Friendship Cultural Preservation: Conserving Bangladeshi cultural heritage

Friendship Cultural Preservation: Conserving Bangladeshi cultural heritage
Photo: Friendship Bangladesh

For more than two decades, Friendship has been a non-profit organisation dedicated to preserving the cultural heritage of Bangladesh by empowering communities and promoting sustainable livelihoods. They have been leading the charge to protect and promote the country's distinct heritage through their Friendship Cultural Preservation programme. This began with the preservation of wooden boatbuilding and the creation of museum-quality replicas of the largest wooden boat fleet globally. Their efforts have resulted in impressive results, with over 400,000 individuals visiting 20 of Friendship's exhibitions, both in Bangladesh and abroad.

For centuries, Bangladesh has been renowned for its rich cultural heritage, from the intricately woven fabrics to the stunning wooden boats that once sailed the country's vast waterways. However, as modernisation and globalisation took hold, many of these traditional arts and crafts began to fade into obscurity, replaced by cheaper, mass-produced alternatives.

Friendship looked into the matter differently, recognizing that many other traditional crafts and weaves were also under threat. The organisation expanded its reach to encompass a wide range of artisans and craftsmen, from handloom weavers to brass workers, tribal bead makers, to silver jewellers.

Through a combination of community outreach, awareness-raising campaigns, and sustainable livelihood programs, Friendship has successfully revived many of these dying arts, creating new opportunities for local artisans and women and preserving the cultural heritage of Bangladesh for future generations.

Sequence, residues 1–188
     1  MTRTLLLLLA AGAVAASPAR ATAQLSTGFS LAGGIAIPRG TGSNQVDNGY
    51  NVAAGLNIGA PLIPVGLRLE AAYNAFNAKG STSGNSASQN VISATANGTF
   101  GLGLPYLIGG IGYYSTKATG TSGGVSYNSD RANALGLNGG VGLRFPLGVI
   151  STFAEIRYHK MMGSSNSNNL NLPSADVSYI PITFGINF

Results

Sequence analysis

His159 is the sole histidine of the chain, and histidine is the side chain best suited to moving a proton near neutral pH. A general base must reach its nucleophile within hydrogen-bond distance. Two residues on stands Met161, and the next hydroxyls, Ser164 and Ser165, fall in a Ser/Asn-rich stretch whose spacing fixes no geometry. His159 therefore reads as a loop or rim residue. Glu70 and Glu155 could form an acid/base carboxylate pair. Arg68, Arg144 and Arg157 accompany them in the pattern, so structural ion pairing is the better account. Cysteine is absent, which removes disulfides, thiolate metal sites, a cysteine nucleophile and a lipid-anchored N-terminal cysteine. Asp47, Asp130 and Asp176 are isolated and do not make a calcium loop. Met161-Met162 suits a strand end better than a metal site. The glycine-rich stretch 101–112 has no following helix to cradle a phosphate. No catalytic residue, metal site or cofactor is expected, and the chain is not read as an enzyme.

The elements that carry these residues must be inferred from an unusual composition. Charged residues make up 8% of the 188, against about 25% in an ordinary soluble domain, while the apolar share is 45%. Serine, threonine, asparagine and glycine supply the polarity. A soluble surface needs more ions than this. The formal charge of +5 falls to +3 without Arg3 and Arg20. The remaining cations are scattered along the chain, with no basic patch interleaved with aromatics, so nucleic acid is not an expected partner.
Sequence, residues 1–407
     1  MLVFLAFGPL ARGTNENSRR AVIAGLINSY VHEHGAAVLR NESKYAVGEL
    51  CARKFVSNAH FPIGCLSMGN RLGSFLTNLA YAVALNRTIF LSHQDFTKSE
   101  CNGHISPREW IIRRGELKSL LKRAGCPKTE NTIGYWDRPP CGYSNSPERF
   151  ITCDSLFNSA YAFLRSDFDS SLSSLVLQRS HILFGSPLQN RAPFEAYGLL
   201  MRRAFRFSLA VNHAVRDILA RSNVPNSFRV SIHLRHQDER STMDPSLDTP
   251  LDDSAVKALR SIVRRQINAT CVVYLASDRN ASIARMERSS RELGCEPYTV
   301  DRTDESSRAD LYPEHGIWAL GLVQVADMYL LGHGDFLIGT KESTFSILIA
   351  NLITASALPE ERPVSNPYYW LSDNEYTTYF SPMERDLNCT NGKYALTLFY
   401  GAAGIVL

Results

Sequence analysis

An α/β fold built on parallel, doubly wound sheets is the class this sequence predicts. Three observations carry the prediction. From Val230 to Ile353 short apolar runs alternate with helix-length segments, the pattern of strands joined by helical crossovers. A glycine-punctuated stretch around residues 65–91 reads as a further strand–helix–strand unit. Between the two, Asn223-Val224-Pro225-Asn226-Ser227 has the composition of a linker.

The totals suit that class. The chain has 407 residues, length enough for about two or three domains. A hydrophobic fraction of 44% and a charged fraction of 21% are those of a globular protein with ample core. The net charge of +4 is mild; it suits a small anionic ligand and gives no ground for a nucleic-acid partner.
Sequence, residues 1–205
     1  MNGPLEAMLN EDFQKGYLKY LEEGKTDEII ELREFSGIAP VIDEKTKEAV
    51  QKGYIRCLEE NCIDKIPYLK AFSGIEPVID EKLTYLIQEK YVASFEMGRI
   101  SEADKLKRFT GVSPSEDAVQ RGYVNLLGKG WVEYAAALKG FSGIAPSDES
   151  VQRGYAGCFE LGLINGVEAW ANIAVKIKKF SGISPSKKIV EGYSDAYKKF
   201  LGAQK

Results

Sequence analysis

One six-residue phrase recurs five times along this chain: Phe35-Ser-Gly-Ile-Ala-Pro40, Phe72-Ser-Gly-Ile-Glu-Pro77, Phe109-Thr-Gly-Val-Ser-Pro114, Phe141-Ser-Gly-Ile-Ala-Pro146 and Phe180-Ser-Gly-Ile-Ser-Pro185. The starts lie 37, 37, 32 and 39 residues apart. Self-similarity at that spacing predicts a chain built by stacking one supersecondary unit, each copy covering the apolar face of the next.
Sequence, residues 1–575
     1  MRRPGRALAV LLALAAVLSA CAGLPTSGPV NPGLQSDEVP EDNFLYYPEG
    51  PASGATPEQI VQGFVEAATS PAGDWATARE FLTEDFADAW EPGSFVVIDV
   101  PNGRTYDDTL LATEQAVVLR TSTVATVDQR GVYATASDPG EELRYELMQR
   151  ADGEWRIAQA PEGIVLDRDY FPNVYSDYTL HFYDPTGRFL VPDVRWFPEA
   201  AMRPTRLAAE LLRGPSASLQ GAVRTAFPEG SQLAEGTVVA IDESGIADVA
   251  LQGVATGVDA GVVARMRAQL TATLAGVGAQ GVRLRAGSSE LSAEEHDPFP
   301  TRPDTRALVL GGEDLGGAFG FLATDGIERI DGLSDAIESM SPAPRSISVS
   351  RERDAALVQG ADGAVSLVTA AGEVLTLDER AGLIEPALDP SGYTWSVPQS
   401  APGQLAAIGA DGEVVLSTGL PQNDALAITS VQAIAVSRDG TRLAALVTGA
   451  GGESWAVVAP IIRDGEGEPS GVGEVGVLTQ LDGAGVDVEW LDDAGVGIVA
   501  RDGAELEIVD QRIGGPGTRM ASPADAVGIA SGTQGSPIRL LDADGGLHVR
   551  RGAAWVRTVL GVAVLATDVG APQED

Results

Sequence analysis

One of the key strategies employed by Friendship is the creation of museum-quality replicas of traditional wooden boats, like their B613 Malar boat, which are sold to patrons and collectors around the world. This not only provides a sustainable income stream for the last generation of wooden boat builders but also helps to promote awareness and appreciation of this unique cultural heritage.

Similarly, Friendship has worked closely with local weavers, artisans, and craftspeople to develop new products that highlight their traditional skills and techniques. From handcrafted silver jewellery to hand-carved wooden homeware, these products are sold through retail outlets like their Friendship Colours of the Chars and online platforms, bringing Bangladesh's rich cultural heritage to a global audience.

Through these efforts, Friendship has breathed new life into the traditional arts and crafts of Bangladesh, creating sustainable livelihoods for local communities and ensuring that these valuable cultural treasures will be preserved for generations to come. As the organisation continues to expand its reach and collaborate with new partners, like their recent collaboration with Preema Arte Foundation to host 20 Bangladeshi and Indian artists, the cultural renaissance of Bangladesh shows no signs of slowing down.